I had a chance to do some shooting in Iceland this year, a place I really fell in love with. The ever changing weather and light are a landscape photographers dream. The images below are a tiny selection, as I’m not going to try to capture the whole island in a single blogpost.
Now that I’m familiar with the layout of the Island, I hope to return for some more focused photography.
I have not done as much shooting this summer as I would have liked. Below are a few images from summer day trips within a two or three hour radius of Toronto. Because I generally don’t like the bug infested Ontario forests in the summer, most of my favourite shooting happens during late fall and the tail end of winter.
One of the most amazing places in the world I had the privilege to spend time in has been Nepal. Nepal’s nature, culture and people have left a lasting mark on me.
It saddens me greatly that the 7.8 magnitude earthquake which struck on April 25th destroyed many of the cultural sights in the capital. Many of the places I have visited and wished to have had another chance to photograph are gone forever. I’m glad to say that all my friends in Nepal are safe and have not been hurt by the quake.
Below are some images from the Khumbu region of the country:
Kathmandu is a very vibrant city that is a visual overload for photographers. Below are some images from my brief stay in the area after returning from the mountains.
I’m sure this panorama of the city has been changed forever after the earthquake.
I have been using the Pentax 645D for over 4 years, and it has proven to be the most reliable all weather camera out of any system I own. It has accompanied me in snow, ice, rain and hot desert climates without skipping a beat. While it’s a heavy and slow camera compared to smaller formats, the resulting image quality never disappoints.
The Achilles heel of the 645D however, was it’s somewhat unreliable auto focusing system, which without live view required me to fire off multiple shots to make sure I had one image with proper focus. Critical focus is a must on high resolution cameras, without it the resolution advantages quickly disappear.
The 2014 released Pentax 645Z promised to fix a lot of the minor issues that were present in the 645D. Pentax/Ricoh included live view and vastly improved high ISO performance courtesy of the new Sony sensor – the same sensor that is used in the Phase one IQ 250 and the Hasselblad H5D-50c.
I was debating for a long time if I should upgrade to the Pentax 645Z given the modest upgrade in resolution (40mp to 51mp), but having seen some samples of the high ISO performance of the new sensor, as well as the lack of anything exciting being announced in recent months (including the new Canon 5DS), I decided to stick with the Pentax system due to it’s reliability, solid design, and my prior investment in multiple Pentax lenses.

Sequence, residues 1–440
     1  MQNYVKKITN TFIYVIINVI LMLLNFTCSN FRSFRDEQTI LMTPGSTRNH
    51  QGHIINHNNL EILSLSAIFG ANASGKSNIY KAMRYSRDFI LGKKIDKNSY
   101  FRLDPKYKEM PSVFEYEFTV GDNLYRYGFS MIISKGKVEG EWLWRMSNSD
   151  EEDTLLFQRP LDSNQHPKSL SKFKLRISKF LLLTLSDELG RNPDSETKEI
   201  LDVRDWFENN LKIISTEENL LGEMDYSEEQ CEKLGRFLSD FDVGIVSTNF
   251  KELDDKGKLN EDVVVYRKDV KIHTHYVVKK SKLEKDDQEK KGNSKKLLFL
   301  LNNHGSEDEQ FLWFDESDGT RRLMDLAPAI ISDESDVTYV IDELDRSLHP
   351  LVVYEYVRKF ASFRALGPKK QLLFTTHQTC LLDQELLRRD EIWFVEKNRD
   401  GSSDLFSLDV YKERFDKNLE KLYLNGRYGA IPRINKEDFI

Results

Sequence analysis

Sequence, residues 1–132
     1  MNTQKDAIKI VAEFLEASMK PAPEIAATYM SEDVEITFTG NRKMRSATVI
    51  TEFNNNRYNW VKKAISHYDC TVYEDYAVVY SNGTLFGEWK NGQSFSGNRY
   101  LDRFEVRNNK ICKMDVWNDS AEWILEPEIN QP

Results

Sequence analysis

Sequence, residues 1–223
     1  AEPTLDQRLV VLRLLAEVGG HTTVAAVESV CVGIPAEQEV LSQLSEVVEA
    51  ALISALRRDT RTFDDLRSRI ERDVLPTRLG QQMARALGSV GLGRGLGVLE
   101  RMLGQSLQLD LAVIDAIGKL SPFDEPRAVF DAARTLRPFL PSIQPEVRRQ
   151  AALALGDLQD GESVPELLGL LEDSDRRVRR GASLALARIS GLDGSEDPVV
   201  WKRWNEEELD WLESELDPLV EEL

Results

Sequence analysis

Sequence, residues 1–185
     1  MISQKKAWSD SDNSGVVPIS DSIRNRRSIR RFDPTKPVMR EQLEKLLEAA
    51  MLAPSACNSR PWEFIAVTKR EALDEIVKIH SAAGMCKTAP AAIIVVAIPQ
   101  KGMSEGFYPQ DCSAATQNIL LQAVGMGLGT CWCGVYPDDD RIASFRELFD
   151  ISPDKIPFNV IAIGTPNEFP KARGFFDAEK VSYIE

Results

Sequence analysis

My 645Z arrived the day before easter weekend, giving me 3 days to shoot with the camera and get a few initial thoughts.
As with the 645D, the new 645Z body does not try to be a fashion item or designer gadget disguised as a camera. Every function that is needed for actual picture taking is front and centre, while all the “fun” features are hidden deep within the menus, most of them turned off by default. The camera can actually be used through thick gloves in old weather due to it’s deep and comfortable grip.
The first thing that struck me about the sensor was it’s high ISO performance. Images shot at 6400iso are clean enough for big prints, even a few shots I tried at 12,800iso are remarkably good and usable for smaller reproductions.
The live view is great, and unlike my Sony A7R, remembers the last zoom state when it’s re activated. Many little details like this, present on both the 645Z and the 645D before it, show clearly that photographers still have a say in designing cameras at Pentax. Another welcome addition is the articulated screen. It will certainly get a lot of use especially on low angle images off a tripod.
From what I can tell, the battery life is noticeably shorter than on the 645D. Most of this I assume is due to the live view and my more frequent use of the back screen.
The files from the 645Z are remarkable and have a lot of dynamic range. More important than dynamic range (for me), is the fact that the files are not compressed like the Sony A7R files. This quickly becomes apparent when manipulating colours. None of the banding or bizarre posterization effects in lower tones seem to exist in the resulting DNG files. While I still love my A7R system for lightweight travel, I had to discard ruined images in the past from the lossy compression Sony imposes on it’s raw files.
Below are some additional sample shots from this weekend. I will try to post more comments about this camera as I’m getting more aquatinted with the differences it has compared to the 645D.